Manchester United coach Alex Ferguson believes his star striker Wayne Rooney has been a troubled soul.
Rooney has gone from Player of the Year to a flop for England and Manchester United and a figure of shame for his reported dalliance with a prostitute, The Sun reports.
Ferguson said: "I don't know the reason for his loss of form because it started in the World Cup. Whether some clubs have been filling his head in that period to affect him we don't know. The important thing is for us to put it behind us. But certainly something has been troubling him."
Ferguson believes the weight of feeling against Rooney forced a U-turn as he finally signed a new five-year contract worth 250,000-pounds-a-week.
Ferguson said: "Nobody enjoys that sort of attention. When he saw the impact his decision made it took him aback and he had a rethink."
7407 Man U fans part with their cash to pay Rooney's weekly pay
Meanwhile, at least 7,407 Manchester United fans is the number required through the turnstiles to pay just a week of striker Wayne Rooney's new 10 million pound annual wage, according to the Daily Mail.
The number is a staggering 10 per cent of the club's average home gate.
The surprising figure has shocked Mike Turton, a founder member of FC United, who claims that the Premier League is now all about money.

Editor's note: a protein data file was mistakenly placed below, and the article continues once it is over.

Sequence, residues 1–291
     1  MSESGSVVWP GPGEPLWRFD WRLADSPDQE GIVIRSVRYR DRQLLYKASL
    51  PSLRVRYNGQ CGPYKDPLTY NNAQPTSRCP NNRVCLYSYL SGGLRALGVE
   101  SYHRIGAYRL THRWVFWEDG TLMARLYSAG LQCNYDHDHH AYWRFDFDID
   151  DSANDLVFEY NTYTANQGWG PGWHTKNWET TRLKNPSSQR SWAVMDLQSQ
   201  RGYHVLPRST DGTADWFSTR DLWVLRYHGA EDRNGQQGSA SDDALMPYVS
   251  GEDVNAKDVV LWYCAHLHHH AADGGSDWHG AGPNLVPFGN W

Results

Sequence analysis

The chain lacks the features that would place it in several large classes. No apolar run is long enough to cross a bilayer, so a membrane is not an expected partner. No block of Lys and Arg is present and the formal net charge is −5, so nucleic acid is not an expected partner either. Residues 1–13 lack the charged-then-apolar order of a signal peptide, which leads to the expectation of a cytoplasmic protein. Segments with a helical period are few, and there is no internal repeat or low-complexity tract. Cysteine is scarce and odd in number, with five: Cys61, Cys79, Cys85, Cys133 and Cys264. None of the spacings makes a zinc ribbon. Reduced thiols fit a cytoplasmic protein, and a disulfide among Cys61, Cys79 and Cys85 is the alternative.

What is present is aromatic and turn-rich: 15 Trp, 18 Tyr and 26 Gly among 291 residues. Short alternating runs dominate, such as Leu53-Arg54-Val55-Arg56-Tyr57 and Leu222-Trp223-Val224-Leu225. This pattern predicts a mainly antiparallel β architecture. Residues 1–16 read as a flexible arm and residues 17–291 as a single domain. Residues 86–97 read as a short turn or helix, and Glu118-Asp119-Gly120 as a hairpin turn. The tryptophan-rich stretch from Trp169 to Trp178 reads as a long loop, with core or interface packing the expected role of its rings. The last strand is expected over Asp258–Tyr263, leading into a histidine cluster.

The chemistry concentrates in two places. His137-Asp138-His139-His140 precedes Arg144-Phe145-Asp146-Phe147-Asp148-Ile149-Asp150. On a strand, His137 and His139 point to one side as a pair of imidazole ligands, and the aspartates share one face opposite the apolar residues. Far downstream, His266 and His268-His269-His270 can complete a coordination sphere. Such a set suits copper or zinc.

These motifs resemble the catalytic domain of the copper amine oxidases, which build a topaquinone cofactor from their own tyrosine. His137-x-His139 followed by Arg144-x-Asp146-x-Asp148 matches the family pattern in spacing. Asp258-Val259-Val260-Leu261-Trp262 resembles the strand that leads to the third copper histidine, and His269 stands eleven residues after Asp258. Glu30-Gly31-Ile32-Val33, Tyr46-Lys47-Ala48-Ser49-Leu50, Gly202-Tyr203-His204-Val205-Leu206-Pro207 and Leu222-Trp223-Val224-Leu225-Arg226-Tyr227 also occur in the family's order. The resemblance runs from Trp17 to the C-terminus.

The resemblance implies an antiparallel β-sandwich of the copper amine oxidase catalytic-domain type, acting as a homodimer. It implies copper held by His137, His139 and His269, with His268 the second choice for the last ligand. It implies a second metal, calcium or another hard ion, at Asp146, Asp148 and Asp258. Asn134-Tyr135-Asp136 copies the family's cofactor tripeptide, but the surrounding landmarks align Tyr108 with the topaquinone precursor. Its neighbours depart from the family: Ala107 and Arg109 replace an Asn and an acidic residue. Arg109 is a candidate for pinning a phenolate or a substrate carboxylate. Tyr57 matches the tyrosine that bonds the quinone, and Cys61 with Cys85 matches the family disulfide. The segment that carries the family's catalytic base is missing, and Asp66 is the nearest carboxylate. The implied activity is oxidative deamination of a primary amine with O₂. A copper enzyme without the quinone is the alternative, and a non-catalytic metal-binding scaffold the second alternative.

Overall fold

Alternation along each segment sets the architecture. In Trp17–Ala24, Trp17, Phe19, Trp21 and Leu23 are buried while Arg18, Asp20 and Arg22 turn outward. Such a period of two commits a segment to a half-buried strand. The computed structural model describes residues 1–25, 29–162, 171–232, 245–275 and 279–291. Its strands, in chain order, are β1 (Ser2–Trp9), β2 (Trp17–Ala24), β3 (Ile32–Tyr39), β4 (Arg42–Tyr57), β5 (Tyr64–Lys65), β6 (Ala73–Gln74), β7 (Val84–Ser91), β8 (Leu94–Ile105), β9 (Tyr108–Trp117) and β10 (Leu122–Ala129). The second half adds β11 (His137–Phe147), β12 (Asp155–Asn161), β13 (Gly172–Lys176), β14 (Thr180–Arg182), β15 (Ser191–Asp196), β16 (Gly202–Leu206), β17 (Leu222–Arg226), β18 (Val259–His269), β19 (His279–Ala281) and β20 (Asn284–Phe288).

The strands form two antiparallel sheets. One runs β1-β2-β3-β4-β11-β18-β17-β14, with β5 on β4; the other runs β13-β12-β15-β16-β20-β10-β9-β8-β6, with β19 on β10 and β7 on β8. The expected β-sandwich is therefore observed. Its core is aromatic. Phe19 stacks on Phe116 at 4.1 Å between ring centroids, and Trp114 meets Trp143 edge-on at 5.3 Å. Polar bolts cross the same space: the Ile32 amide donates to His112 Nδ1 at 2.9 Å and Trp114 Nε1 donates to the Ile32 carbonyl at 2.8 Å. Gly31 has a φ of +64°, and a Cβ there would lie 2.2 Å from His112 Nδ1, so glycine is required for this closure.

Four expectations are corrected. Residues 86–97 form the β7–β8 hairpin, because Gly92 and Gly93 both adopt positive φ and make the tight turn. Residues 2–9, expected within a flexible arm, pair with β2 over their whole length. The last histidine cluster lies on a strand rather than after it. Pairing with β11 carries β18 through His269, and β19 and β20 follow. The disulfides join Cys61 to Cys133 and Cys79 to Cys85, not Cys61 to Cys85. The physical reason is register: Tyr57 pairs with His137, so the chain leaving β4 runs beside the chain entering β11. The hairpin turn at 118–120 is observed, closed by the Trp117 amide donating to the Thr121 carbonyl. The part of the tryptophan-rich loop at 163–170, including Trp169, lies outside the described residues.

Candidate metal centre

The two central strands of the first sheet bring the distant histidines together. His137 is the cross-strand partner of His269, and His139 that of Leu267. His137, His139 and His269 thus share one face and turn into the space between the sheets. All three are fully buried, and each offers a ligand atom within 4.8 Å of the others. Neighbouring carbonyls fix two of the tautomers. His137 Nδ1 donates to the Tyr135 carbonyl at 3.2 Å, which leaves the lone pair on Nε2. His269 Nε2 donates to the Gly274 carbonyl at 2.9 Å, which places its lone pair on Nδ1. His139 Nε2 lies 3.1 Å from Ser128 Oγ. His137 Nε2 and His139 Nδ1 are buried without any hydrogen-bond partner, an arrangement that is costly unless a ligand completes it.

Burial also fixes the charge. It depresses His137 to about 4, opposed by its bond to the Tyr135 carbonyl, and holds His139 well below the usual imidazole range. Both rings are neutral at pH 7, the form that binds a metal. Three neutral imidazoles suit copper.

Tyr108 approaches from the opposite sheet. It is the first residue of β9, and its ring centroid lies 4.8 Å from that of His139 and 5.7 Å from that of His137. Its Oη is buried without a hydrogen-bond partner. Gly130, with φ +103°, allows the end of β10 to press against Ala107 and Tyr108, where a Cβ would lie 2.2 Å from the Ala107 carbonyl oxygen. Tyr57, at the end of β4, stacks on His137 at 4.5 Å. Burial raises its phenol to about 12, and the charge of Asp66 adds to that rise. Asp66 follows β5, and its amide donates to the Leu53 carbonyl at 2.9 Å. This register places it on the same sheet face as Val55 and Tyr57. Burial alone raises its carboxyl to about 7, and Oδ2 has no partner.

"Looking at the Rooney saga, I'm glad I'm out of it, not paying these millionaires and not paying Glazer's interest. I followed United for 30 years and I was a season-ticket holder, but the Premier League is less interesting for me now,"
"There is a lack of soul and quite a few mercenaries just passing through. Some Premier League club supporters want to be winning things at all costs and they don't see the bigger picture," he added.
Gordon Taylor, Professional Footballers' Association Chief Executive, also supported Turton's claims and urged his members and the game to show a social responsibility.
"Rather than just pay fortunes, with the balance of payments going abroad, the game has a duty to give the next generation a chance and I'd like to see managers given more time to bring young players through," Taylor said.